May 2005
Volume 46, Issue 13
Free
ARVO Annual Meeting Abstract  |   May 2005
Hematopoietic Stem Cells Differentiate Into Retinal Pigment Epithelium Cells Following Sodium Iodate Injury
Author Affiliations & Notes
  • N. Sengupta
    Pharmacology/Therapeutics,
    University of Florida, Gainesville, FL
  • S. Caballero
    Pharmacology/Therapeutics,
    University of Florida, Gainesville, FL
  • S.M. Sullivan
    Pharmaceutics,
    University of Florida, Gainesville, FL
  • W.W. Hauswirth
    Ophthalmology,
    University of Florida, Gainesville, FL
  • S. Kaushal
    Ophthalmology,
    University of Florida, Gainesville, FL
  • J.–X. Ma
    Medicine, Oklahoma University, Oklahoma City, OK
  • M.B. Grant
    Pharmacology/Therapeutics,
    University of Florida, Gainesville, FL
  • Footnotes
    Commercial Relationships  N. Sengupta, None; S. Caballero, None; S.M. Sullivan, None; W.W. Hauswirth, None; S. Kaushal, None; J. Ma, None; M.B. Grant, None.
  • Footnotes
    Support  JDRF 4–2000–847 and NIH Grants EY007739, EY012601, EY014818
Investigative Ophthalmology & Visual Science May 2005, Vol.46, 3252. doi:
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      N. Sengupta, S. Caballero, S.M. Sullivan, W.W. Hauswirth, S. Kaushal, J.–X. Ma, M.B. Grant; Hematopoietic Stem Cells Differentiate Into Retinal Pigment Epithelium Cells Following Sodium Iodate Injury . Invest. Ophthalmol. Vis. Sci. 2005;46(13):3252.

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      © ARVO (1962-2015); The Authors (2016-present)

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Abstract

Abstract: : Purpose: Hematopoietic stem cells (HSC) or their progeny, endothelial precursor cells, have been shown to have marked plasticity and be involved in repair. It has been documented that embryonic stem cells can be forced to differentiate into specific cell types by infecting the cells with viral vectors expressing terminal differentiation markers. We asked if HSC can home to sites of retinal pigment epithelium (RPE) cell injury and become RPE when transduced to express an RPE–specific protein. Methods: The RPE of C57Bl6 mice was selectively injured by either systemic or intravitreal injection of sodium iodate. Enriched HSC from bone marrow of homozygous gfp transgenic mice were infected ex vivo with lentivirus vector expressing either LacZ (sham) or the RPE–specific RPE65 gene. These transduced gfp+ HSC were then injected systemically into the sodium iodate–treated C57Bl6 mice. Additional animals received gfp+ HSC that had not been infected. A final group of animals received a comparable volume of saline by the same administration route as the HSC. Immunohistochemistry and histology were employed to determine the degree of RPE damage and repair, as well as the presence and location of gfp+ cells, endothelial cells, and RPE65 protein. Results: As expected, no cells expressing gfp were seen in mice that did not receive HSC. Sodium iodate injection resulted in major damage to the RPE, to an extent that was not completely rescued by HSC cells expressing RPE65. On flatmounts of the posterior cup the choriocapillaris was visible in areas of RPE loss. Some gfp+ endothelial cells incorporated in these areas. In many damaged areas that showed recovery, gfp+ RPE65–expressing cells were abundant. These gfp+ cells displayed typical RPE morphology. Conclusions: Cells that co–expressed gfp and RPE65 were present in areas of RPE ablation. This supports that HSC are capable of differentiating into RPE cells following injury. The overexpression of RPE65 is apparently sufficient to drive the differentiation of HSC to RPE. No gfp+ endothelial cells also expressed RPE65. These findings suggest the possibility that a patient's own HSC could be modified ex vivo to induce specific differentiation, and then returned to the patient to replace lost or damaged RPE.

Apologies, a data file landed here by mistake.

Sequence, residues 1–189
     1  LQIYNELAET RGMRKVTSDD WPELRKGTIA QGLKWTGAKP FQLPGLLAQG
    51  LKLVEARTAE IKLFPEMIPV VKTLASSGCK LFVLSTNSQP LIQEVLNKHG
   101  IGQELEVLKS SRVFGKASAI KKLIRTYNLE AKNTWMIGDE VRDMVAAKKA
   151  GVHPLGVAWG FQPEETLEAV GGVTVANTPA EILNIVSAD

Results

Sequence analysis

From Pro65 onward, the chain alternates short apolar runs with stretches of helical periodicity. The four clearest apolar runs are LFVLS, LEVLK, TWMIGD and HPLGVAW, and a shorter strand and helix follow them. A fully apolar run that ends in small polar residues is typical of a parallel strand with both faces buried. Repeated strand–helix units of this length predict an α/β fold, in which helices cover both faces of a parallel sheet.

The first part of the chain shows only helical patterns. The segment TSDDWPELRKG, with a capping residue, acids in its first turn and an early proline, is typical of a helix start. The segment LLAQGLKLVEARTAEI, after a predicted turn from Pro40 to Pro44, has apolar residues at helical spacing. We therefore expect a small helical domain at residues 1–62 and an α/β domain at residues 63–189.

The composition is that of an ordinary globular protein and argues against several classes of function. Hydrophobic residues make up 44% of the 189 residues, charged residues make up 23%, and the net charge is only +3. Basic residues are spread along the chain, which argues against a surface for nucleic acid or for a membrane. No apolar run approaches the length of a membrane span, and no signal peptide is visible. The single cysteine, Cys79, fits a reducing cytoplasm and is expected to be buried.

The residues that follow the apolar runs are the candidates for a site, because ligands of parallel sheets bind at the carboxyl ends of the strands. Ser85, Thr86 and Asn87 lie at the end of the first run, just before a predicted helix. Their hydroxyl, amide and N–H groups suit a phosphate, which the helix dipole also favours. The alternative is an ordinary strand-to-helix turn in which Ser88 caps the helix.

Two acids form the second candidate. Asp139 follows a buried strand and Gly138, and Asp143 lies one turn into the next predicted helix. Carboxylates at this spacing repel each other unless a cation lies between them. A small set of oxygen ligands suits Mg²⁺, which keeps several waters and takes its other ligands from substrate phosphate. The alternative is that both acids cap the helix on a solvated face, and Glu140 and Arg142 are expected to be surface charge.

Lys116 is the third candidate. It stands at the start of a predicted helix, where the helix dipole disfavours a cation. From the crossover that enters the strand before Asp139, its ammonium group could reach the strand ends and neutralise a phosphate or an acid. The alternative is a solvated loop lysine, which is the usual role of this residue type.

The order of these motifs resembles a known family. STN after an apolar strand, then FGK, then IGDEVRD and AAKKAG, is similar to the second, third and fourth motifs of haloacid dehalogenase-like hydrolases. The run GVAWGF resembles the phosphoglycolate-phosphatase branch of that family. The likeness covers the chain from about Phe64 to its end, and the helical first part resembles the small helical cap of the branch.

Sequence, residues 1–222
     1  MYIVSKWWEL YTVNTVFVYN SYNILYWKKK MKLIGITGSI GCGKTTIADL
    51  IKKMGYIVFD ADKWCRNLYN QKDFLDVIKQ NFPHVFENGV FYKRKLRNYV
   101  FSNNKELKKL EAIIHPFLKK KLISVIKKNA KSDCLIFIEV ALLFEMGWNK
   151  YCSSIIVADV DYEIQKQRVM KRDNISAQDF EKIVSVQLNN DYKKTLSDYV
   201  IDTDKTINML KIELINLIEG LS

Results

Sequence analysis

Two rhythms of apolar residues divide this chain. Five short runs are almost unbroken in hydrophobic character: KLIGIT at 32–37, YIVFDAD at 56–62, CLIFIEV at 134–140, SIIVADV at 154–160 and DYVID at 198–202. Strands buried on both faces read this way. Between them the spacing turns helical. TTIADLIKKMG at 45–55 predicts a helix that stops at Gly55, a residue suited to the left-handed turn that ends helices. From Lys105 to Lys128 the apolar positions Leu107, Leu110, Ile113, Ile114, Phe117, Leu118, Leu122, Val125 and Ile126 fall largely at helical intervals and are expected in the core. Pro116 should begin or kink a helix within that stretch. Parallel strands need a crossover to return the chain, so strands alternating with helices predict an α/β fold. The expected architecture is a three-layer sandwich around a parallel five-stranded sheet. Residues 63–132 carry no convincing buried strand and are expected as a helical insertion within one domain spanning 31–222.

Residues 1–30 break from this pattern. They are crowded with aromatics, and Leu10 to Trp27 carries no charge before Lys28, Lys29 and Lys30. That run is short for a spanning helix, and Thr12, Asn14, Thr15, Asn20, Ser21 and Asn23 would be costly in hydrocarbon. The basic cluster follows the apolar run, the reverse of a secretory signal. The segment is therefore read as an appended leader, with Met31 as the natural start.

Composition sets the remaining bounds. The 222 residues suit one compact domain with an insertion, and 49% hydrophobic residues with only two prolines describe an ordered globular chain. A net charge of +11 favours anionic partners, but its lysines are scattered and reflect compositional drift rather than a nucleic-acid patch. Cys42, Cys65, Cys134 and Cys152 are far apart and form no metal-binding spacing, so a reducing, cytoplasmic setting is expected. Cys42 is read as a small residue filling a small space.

Keywords: retinal degenerations: cell biology • pathology: experimental • gene transfer/gene therapy 
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